Personal and Professional Strengths and Weaknesses for Desired Change

I am keenly aware of my typical response, and its understood weakness is so often based on addressing the challenges and opportunities immediately urgent. This personal trait is both a weakness and strength. The weakness comes from the frequent absence of personal strategic plans and actions, yet the strength comes from the ability to adapt and modify my approach and efforts given the immediate challenges at hand. To be able to call upon a knowledge, understanding, and practiced repertoire of strategic planning and implementation is a welcome addition to my skill set.

Professionally I see a weakness affecting my desire to change; this is the struggle I have in prioritizing the importance of strategic efforts against the urgency of addressing tactical challenges. This professional weakness comes with great risk due to the absence of frequent and purposeful self-leadership. This practice will allow me to continue being distracted by the immediacy of the urgent. Ungerer et al., (2016) refer to the importance of this in Table 1.16 where they identify the need to “Manage self, internally through reflecting and strategic thinking” (p. 36).

Personal and Professional Mission

Personal Mission: “To love God first, serve others well, leave a family legacy.”

Somewhat daunted at first, when I sat down and asked myself questions about what was important to me, what do I talk to my wife often about, and what do I wish my close friends and family to really see in me, I realized perhaps writing a personal mission statement was as simple as finding the words I wish to continually define me. Firstly, as a Christ follower and a redeemed child of God, I know He wants me to make Him my number one priority, as clearly stated in the first of His ten commandments. Secondly, Christ came to earth as the son of God, a King born to serve not to be served. What a gift his life and sacrifice is for me, and I must live mine in such a way others will see Jesus Christ in me and are compelled to want to know him also. Thirdly, I know I am called to be a husband and father and to build and strengthen my family around the teachings of Jesus my Lord and Savior. This is my legacy. I will have no other more meaningful influence and gift to leave my children, grandchildren, and generations to come than this. Filtering all my thoughts, actions, and words through this lens will focus me and allow my self-leadership to guide me towards developing these attributes from my first second awake in the morning until sleep comes welcomed at the end of purposeful day.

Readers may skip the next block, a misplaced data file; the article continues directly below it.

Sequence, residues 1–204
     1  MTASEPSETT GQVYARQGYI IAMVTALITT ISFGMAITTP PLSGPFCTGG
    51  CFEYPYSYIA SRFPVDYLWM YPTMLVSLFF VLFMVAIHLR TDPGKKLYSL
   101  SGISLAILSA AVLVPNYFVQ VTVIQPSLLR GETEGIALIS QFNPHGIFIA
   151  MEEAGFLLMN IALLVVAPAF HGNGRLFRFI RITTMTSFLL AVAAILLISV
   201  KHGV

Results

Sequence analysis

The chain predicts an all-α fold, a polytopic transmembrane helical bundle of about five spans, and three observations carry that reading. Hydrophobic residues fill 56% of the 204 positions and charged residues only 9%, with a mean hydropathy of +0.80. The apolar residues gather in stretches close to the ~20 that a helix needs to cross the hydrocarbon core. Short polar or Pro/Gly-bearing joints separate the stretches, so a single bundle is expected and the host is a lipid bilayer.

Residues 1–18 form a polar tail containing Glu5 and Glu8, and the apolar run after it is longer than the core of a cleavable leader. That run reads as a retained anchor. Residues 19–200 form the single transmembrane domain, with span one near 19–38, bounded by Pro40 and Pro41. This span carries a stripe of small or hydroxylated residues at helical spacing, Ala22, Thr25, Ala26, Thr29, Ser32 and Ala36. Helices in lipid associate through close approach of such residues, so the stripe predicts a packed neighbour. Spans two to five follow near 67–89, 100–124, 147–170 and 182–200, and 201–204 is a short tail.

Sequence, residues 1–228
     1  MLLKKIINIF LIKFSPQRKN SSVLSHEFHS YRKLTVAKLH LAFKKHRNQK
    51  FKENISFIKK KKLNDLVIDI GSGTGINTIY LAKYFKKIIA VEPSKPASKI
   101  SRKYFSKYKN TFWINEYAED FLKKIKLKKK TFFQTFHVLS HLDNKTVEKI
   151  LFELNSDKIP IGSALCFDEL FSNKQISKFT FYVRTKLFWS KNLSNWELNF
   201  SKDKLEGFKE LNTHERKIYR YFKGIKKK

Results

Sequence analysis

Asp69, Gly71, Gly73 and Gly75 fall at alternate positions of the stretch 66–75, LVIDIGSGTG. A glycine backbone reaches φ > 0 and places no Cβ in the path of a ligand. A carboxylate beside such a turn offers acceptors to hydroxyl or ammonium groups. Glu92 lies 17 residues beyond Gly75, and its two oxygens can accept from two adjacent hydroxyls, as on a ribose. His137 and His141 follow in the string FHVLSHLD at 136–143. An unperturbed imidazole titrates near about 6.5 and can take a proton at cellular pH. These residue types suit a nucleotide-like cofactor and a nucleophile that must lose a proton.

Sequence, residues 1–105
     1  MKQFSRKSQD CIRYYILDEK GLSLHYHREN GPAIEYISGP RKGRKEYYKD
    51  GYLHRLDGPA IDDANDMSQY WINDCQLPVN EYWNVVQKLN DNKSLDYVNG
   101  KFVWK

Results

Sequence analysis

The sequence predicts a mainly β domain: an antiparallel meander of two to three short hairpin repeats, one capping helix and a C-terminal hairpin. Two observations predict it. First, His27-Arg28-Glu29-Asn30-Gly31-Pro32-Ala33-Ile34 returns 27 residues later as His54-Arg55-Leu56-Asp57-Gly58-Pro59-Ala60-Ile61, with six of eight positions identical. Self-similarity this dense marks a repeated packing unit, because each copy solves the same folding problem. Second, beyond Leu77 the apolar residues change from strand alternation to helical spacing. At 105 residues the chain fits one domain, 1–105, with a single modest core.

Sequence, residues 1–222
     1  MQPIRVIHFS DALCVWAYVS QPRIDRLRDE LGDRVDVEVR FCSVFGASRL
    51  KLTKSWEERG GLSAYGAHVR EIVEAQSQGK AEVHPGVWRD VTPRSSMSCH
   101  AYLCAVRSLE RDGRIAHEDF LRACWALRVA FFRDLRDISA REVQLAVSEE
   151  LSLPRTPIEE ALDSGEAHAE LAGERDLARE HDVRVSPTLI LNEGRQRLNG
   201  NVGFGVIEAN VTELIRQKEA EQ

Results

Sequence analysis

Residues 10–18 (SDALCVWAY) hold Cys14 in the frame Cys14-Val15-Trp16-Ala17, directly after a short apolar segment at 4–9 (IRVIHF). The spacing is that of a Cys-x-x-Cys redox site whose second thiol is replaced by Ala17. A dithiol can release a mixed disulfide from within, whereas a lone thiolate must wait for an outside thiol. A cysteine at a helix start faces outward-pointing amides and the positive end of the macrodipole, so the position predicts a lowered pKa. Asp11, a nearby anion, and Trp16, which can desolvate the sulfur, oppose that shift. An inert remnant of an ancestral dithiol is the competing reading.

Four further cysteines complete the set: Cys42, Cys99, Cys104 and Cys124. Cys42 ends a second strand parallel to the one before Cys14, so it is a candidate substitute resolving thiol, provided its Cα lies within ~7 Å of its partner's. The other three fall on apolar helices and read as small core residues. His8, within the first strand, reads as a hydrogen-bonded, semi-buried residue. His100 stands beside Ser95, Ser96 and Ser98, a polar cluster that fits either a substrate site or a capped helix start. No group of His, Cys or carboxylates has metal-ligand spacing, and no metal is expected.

Professional Mission: “To leave this place better than I found it and to model balance and joy to inspire others.”

Nothing I touch, manage, control, create, innovate, design, or solve is mine. It is from God first and secondly borrowed from those who will benefit from my stewardship of those things. In order to truly know innovation has occurred, solutions are being advanced and things are being left better than I found them means I must know the status or current state of how they were found. As a servant leader, this allows me to consider what the focus for improvement is and craft plans and outcomes which will demonstrate there is guidance towards improvement.

As a leader, it is incumbent on me to ensure there is integrity in my actions and alignment of what I say and do with these missional words. To ensure the balance and joy I strive for is evident and real to others I must ensure I’m pursuing, discovering, and leading an evidence-based life every day. I trust my focus on this will allow me to achieve my God-given goals and will inspire others to pursue the same outcomes and make the pursuit of our collective goals an arduously rewarding journey.

When I thoughtfully combine these two mission statements I find a parallel sense of peace, motivation, and inspiration. I find a degree of freeing discipline as I consider the purpose these two statements provide me. The clarity of purpose from these missional statements will drive my actions and allow a focus on personal and professional development devoid of distraction or uncertainty in thought, words, and deeds.

Strategic Drivers

Strategic drivers are the specific elements providing a measured competitive advantage (Hughes et al., 2014 ). To create a significant impact and to achieve full potential from my personal and professional mission statements, I chose the following key strategic drivers;


  1. Read, study, memorize scripture every day
  2. Choose carefully and participate in activities focused on building and lifting others up
  3. Co-create and invest intentionally in marriage and family building activities